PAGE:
What therefore, upon the whole, do we get by treading in these crooked paths, but danger, disgrace, and a too-late repentance?

And after all, do we not frequently become the cullies of our own libertinism; sliding into the very state with those half-worn-out doxies, which perhaps we might have entered into with their ladies; at least with their superiors both in degree and fortune? and all the time lived handsomely like ourselves; not sneaking into holes and corners; and, when we crept abroad with our women, looking about us, and at ever one that passed us, as if we were confessedly accountable to the censures of all honest people.

My cousin Tony Jenyns, thou knewest. He had not the actively mischievous spirit, that thou, Belton, Mowbray, Tourville, and myself, have: but he imbibed the same notions we do, and carried them into practice.

How did he prate against wedlock! how did he strut about as a wit and a smart! and what a wit and a smart did all the boys and girls of our family (myself among the rest, then an urchin) think him, for the airs he gave himself?—Marry! No, not for the world; what man of sense would bear the insolences, the petulances, the expensiveness of a wife! He could not for the heart of him think it tolerable, that a woman of equal rank and fortune, and, as it might happen, superior talents to his own, should look upon herself to have a right to share the benefit of that fortune which she brought him.

So, after he had fluttered about the town for two or three years, in all which time he had a better opinion of himself than any body else had, what does he do, but enter upon an affair with his fencing-master’s daughter?

He succeeds; takes private lodgings for her at Hackney; visits her by stealth; both of them tender of reputations that were extremely tender, but which neither had quite given up; for rakes of either sex are always the last to condemn or cry down themselves: visited by nobody, nor visiting: the life of a thief, or of a man bested by creditors, afraid to look out of his own house, or to be seen abroad with her. And thus went on for twelve years, and, though he had a good estate, hardly making both ends meet; for though no glare, there was no economy; and, beside, he had ever year a child, and very fond of his children was he. But none of them lived above three years. And being now, on the death of the dozenth, grown as dully sober, as if he had been a real husband, his good Mrs. Thomas (for he had not permitted her to take his own name) prevailed upon him to think the loss of their children a judgment upon the parents for their wicked way of life; [a time will come, Lovelace, if we live to advanced years, in which reflection will take hold of the enfeebled mind;] and then it was not difficult for his woman to induce him, by way of compounding with Heaven, to marry her. When this was done, he had leisure to sit down, and contemplate; an to recollect the many offers of persons of family and fortune to which he had declined in the prime of life: his expenses equal at least: his reputation not only less, but lost: his enjoyments stolen: his partnership unequal, and such as he had always been ashamed of. But the woman said, that after twelve or thirteen years’ cohabitation, Tony did an honest thing by her. And that was all my poor cousin got by making his old mistress his new wife—not a drum, not a trumpet, not a fife, not a tabret, nor the expectation of a new joy, to animate him on!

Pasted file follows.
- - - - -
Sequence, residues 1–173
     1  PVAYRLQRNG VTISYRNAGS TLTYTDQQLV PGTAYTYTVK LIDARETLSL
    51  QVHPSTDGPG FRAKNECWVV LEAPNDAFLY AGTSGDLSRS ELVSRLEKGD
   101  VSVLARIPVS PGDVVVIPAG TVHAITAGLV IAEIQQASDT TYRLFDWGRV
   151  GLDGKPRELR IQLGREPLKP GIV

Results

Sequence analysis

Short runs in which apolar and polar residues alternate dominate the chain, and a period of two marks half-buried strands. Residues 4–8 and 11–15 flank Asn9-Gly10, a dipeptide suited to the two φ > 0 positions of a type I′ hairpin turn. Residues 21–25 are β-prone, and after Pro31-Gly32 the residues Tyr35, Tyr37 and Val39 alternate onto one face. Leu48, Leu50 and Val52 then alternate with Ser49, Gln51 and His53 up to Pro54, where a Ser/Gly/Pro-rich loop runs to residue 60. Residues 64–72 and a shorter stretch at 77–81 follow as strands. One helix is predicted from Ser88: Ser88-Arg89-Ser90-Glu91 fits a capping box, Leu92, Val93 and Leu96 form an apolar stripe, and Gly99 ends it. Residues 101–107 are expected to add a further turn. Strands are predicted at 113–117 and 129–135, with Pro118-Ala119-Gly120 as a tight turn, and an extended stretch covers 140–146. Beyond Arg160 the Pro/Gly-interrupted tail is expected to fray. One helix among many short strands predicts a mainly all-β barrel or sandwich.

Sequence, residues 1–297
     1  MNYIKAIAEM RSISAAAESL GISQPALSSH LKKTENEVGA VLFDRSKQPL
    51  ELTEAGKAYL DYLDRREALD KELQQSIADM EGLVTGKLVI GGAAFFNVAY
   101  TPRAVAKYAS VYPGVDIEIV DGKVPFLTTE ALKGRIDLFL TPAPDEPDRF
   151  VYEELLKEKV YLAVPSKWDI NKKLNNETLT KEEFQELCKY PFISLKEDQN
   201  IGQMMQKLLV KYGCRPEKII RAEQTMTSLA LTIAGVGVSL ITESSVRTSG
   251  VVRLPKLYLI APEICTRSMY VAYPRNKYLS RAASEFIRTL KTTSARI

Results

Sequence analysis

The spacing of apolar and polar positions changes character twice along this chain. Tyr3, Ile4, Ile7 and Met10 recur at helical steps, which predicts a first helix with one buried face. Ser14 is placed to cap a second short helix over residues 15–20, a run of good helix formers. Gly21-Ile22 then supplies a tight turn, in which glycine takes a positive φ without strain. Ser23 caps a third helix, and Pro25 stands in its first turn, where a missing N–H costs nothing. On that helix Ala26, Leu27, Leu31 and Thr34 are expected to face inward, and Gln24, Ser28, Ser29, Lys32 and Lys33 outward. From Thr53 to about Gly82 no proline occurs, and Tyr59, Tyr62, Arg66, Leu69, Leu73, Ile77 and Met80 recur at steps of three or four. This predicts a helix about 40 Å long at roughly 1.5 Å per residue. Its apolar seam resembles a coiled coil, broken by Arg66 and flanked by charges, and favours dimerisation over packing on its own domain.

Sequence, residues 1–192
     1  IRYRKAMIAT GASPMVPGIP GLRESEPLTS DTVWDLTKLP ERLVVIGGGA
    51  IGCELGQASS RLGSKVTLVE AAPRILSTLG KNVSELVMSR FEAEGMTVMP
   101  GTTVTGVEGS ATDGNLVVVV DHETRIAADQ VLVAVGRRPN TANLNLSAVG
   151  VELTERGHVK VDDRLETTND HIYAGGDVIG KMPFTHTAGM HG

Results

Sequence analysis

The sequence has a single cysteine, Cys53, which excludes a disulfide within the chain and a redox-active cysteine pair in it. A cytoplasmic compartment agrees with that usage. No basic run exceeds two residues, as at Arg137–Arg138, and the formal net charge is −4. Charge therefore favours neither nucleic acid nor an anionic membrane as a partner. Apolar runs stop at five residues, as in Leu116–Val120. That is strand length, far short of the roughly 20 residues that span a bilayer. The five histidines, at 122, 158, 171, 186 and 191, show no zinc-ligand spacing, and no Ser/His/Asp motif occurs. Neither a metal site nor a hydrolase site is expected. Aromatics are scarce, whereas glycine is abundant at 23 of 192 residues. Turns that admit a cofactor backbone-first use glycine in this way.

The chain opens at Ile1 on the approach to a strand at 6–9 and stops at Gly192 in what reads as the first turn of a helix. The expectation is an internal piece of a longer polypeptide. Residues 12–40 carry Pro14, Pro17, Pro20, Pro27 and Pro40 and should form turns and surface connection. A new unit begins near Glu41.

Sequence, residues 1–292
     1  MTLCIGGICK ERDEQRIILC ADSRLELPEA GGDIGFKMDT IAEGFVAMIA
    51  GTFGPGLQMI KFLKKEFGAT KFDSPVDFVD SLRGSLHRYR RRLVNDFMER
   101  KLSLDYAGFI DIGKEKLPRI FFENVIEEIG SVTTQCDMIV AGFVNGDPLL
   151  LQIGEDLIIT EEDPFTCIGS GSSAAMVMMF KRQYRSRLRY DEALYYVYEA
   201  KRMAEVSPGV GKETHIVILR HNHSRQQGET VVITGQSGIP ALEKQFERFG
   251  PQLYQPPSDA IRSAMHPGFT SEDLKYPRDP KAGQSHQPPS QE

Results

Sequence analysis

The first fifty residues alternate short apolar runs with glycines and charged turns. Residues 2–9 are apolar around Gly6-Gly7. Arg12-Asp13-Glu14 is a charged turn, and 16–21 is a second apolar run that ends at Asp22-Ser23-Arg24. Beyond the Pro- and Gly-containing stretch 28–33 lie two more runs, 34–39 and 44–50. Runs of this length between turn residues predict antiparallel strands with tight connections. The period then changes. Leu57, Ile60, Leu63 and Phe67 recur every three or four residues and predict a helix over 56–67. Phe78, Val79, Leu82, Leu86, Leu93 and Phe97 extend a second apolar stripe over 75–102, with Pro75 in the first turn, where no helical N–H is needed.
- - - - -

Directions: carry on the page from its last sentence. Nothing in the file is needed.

What Belton will do with his Thomasine I know not! nor care I to advise him: for I see the poor fellow does not like that any body should curse her but himself. This he does very heartily. And so low is he reduced, that he blubbers over the reflection upon his past fondness for her cubs, and upon his present doubts of their being his: ’What a damn’d thing is it, Belford, if Tom and Hal should be the hostler dog’s puppies and not mine!’

Very true! and I think the strong health of the chubby-faced muscular whelps confirms the too great probability.

But I say not so to him.

You, he says, are such a gay, lively mortal, that this sad tale would make no impression upon you: especially now, that your whole heart is engaged as it is. Mowbray would be too violent upon it: he has not, he says, a feeling heart. Tourville has no discretion: and, a pretty jest! although he and his Thomasine lived without reputation in the world, (people guessing that they were not married, notwithstanding she went by his name,) yet ’he would not too much discredit the cursed ingrate neither!’

Could a man act a weaker part, had he been really married; and were he sure he was going to separate from the mother of his own children?

I leave this as a lesson upon thy heart, without making any application: only with this remark, ’That after we libertines have indulged our licentious appetites, reflecting, (in the conceit of our vain hearts,) both with our lips and by our lives, upon our ancestors and the good old ways, we find out, when we come to years of discretion, if we live till then (what all who knew us found out before, that is to say, we found out), our own despicable folly; that those good old ways would have been best for us, as well as for the rest of the world; and that in every step we have deviated from them we have only exposed our vanity and our ignorance at the same time.’

J. BELFORD.